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Pulpit by Dotatello, in Prato

Donatello: life, facts, curiosities and art

Read his story and find out where to enjoy his art in Tuscany

Donato di Niccolò di Betto Bardi, best known as Donatello is one of the most important Italian sculptors of all time and one of the fathers of the Florentine Renaissance. Born in Florence in 1389 he invented the stiacciato technique and created the first known free-standing nude statue produced since ancient times. 

His story

Donatello was born in 1386 (most likely) in Florence. His father, a restless man with a tumultuous life, was a member of the Wool Combers’ Guild. His artistic training probably started in a goldsmith's workshop and it continued in the studio of Lorenzo Ghiberti. The first works of art by Donatello, in Florence, are related to the two largest shipyards of sculptural decoration of the time - the Cathedral and the niches of Orsanmichele - for which, between 1409 and 1417, he produced:

- the seated St. John the Evangelist, one of the works that marks the transition from an art that idealized the human figure to a more realistic one (look at the hands, the folds of the dress and the legs)

- St. Mark, about which Vasari tells us that Michelangelo said he had "never seen a figure with such an air of a good man";

- St. Peter, in collaboration with Brunelleschi;

- St. George, an absolute masterpiece, with the figure that looks ready to move at any moment. The elegant St. George frees the Princess or St. George and the Dragon relief on the statue's base (today in the Bargello Museum) is the very first example of the stiacciato technique - a very low bas-relief that provides the viewer with an illusion of depth - and one of the first examples of central-point perspective in sculpture

David by Donatello
David by Donatello

Between 1415 and 1426, Donatello created five statues for the cathedral bell-tower.

Around 1430, Cosimo de' Medici commissioned from Donatello what is now his most famous work: the bronze David for the court of his Palazzo Medici (now it is in the Bargello Museum). This is considered the first major work of Renaissance sculpture and the first known free-standing nude statue produced since ancient times, designed to be seen from all points, regardless of all architectural surroundings.

When Cosimo was exiled from Florence, Donatello went to Rome, staying there until 1433 and returning to Florence almost at the same time as Cosimo. In May 1434, he signed a contract for the marble pulpit on the facade of Prato Cathedral, the last project executed in collaboration with Michelozzo.

For Donatello, the period of the apotheosis of his artistic career then began, with works of art such as: - the great Cantoria, or singing tribune, at the Duomo in Florence on which Donatello worked intermittently from 1433 to 1440, inspired by ancient sarcophagi and Byzantine ivory chests; - the Annunciation for the Cavalcanti altar in Santa Croce; - the Old Sacristy of San Lorenzo in Florence, the private funeral chapel of the Medici family, built by Brunelleschi and decorated by Donatello; - a bust of a Young Man with a Cameo now in the Bargello, the first example of a lay bust portrait since the classical era. Donatello died in Florence in 1466 and was buried in the Basilica of San Lorenzo, next to Cosimo de' Medici the Elder. Andrea della Robbia was among the ones carrying the coffin.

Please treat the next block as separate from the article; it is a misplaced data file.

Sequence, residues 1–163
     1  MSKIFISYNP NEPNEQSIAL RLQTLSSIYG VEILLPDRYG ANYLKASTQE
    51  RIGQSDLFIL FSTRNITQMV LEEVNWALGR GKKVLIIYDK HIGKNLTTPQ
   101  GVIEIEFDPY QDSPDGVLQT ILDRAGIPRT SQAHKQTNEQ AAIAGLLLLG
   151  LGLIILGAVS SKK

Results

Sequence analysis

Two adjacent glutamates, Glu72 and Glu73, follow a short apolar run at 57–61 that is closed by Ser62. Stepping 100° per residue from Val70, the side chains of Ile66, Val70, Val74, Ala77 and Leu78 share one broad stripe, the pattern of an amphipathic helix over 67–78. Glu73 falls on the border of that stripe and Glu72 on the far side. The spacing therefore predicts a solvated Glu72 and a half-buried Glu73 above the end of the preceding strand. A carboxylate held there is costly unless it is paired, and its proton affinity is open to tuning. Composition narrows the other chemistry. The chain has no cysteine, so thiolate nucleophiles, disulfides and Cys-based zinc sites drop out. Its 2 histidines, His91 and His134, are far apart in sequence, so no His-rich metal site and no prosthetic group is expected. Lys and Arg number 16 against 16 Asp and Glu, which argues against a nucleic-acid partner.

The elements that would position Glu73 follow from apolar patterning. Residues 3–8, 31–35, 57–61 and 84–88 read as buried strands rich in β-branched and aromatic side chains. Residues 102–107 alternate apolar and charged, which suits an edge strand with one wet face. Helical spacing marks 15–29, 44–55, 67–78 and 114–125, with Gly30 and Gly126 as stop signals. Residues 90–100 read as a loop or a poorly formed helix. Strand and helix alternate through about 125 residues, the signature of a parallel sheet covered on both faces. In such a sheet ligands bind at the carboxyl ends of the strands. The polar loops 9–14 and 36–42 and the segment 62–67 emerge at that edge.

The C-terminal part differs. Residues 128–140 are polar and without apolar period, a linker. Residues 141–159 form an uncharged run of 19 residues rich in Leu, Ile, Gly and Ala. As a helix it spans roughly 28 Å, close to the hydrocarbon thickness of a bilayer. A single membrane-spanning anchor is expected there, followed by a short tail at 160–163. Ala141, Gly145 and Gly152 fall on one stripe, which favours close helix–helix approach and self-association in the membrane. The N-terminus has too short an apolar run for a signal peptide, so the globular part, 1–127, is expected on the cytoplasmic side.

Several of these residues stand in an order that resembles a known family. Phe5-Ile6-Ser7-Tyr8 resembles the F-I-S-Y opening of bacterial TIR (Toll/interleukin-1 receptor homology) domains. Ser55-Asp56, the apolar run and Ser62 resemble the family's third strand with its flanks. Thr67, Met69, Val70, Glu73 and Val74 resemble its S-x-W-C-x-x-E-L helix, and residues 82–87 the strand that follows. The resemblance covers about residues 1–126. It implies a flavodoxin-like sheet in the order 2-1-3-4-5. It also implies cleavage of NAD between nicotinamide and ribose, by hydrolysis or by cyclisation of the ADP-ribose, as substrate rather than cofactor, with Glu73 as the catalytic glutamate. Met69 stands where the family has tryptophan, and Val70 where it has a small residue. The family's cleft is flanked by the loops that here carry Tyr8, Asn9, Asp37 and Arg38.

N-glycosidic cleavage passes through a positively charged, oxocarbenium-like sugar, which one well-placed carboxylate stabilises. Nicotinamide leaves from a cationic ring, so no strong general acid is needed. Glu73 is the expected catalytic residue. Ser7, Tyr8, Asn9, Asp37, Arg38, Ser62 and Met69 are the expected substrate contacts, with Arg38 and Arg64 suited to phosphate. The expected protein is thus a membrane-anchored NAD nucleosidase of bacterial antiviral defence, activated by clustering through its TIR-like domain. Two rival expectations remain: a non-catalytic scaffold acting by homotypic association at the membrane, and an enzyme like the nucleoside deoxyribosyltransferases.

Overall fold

Top works of art


Bargello museum statues and bas-reliefs
David, bronze statue; St George, marble statue (a copy is on the outside of Orsanmichele); St. George frees the princess, marble bas-relief (a copy is on the outside of Orsanmichele); Marzocco, sandstone statue (a copy is in Piazza della Signoria); Cherub dancing, bronze statue; Amorino Attis, bronze statue with traces of gilding; San Giovannino Martelli, polychrome wood statue; CIrucifixion, bronze bas-relief with gilding.

Opera del Duomo museum
Creation of Eve, glazed earthenware bas-relief; Profetino, marble statue;
St. John the Evangelist, marble statue; Bearded Prophet, beardless Prophet, Abraham and Isaac, Abacuc, Jeremiah, marble statues (originally on the Giotto’s Bell Tower); Cantoria, marble high relief; Mary Magdalene, wood with traces of polychrome statue.

Coronation of the Virgin, design for stained glass

Tomb of the Antipope John XXIII, architectural complex with statues, colored marble and gilt bronze.

Santa Croce church and museum
Crucifix, statue, painted wood; St. Louis of Toulouse, gilded bronze statue, 
Cavalcanti Annunciation, stone with gold platingrelief.

St. Mark, marble statue (a copy is on the outside)

Palazzo Vecchio
Judith and Holofernes, statue, bronze

Bardini museum
Madonna della Mela, terracotta statue (uncertain attribution)


San Giovanni Baptistery
Feast of Herod, bas-relief, gilded bronze; Baptismal font, various statues in gilded bronze

Tombstone of Giovanni Pecci, bronze bas relief; Saint John the Baptist, bronze statue

Opera del Duomo museum
Madonna del Perdono, bas-relief, marble and glass inlays

PRATO, Opera del Duomo museum
Reliefs for the pulpit of the Cathedral, bas-reliefs, marble and mosaic (copies of the bas-reliefs are on the facade of the Cathedral)

PISA, San Matteo national museum
Reliquary of San Rossore, statue, gilded bronze

LUCCA, Villa Guinigi national museum
Madonna and Child, relief, tile

Baptism of Christ (baptismal font), marble bas-relief

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